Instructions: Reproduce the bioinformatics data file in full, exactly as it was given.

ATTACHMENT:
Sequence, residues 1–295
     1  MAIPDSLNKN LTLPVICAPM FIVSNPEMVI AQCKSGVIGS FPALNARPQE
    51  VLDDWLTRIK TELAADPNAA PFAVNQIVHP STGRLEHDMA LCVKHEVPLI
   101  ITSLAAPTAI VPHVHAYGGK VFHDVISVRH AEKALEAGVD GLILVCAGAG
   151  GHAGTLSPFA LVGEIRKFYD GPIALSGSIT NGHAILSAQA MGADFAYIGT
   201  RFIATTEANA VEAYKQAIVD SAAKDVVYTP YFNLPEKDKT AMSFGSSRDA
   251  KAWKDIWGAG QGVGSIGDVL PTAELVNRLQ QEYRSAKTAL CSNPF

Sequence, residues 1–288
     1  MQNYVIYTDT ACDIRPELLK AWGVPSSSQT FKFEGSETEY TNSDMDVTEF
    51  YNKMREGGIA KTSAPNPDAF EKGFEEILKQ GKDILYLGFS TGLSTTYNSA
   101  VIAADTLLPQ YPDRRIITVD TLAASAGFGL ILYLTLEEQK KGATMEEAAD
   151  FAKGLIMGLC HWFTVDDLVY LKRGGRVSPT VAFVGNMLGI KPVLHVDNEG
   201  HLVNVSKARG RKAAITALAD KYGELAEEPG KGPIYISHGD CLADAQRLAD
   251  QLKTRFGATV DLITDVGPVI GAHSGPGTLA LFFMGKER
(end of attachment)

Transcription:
Sequence, residues 1–295
     1  MAIPDSLNKN LTLPVICAPM FIVSNPEMVI AQCKSGVIGS FPALNARPQE
    51  VLDDWLTRIK TELAADPNAA PFAVNQIVHP STGRLEHDMA LCVKHEVPLI
   101  ITSLAAPTAI VPHVHAYGGK VFHDVISVRH AEKALEAGVD GLILVCAGAG
   151  GHAGTLSPFA LVGEIRKFYD GPIALSGSIT NGHAILSAQA MGADFAYIGT
   201  RFIATTEANA VEAYKQAIVD SAAKDVVYTP YFNLPEKDKT AMSFGSSRDA
   251  KAWKDIWGAG QGVGSIGDVL PTAELVNRLQ QEYRSAKTAL CSNPF

Sequence, residues 1–288
     1  MQNYVIYTDT ACDIRPELLK AWGVPSSSQT FKFEGSETEY TNSDMDVTEF
    51  YNKMREGGIA KTSAPNPDAF EKGFEEILKQ GKDILYLGFS TGLSTTYNSA
   101  VIAADTLLPQ YPDRRIITVD TLAASAGFGL ILYLTLEEQK KGATMEEAAD
   151  FAKGLIMGLC HWFTVDDLVY LKRGGRVSPT VAFVGNMLGI KPVLHVDNEG
   201  HLVNVSKARG RKAAITALAD KYGELAEEPG KGPIYISHGD CLADAQRLAD
   251  QLKTRFGATV DLITDVGPVI GAHSGPGTLA LFFMGKER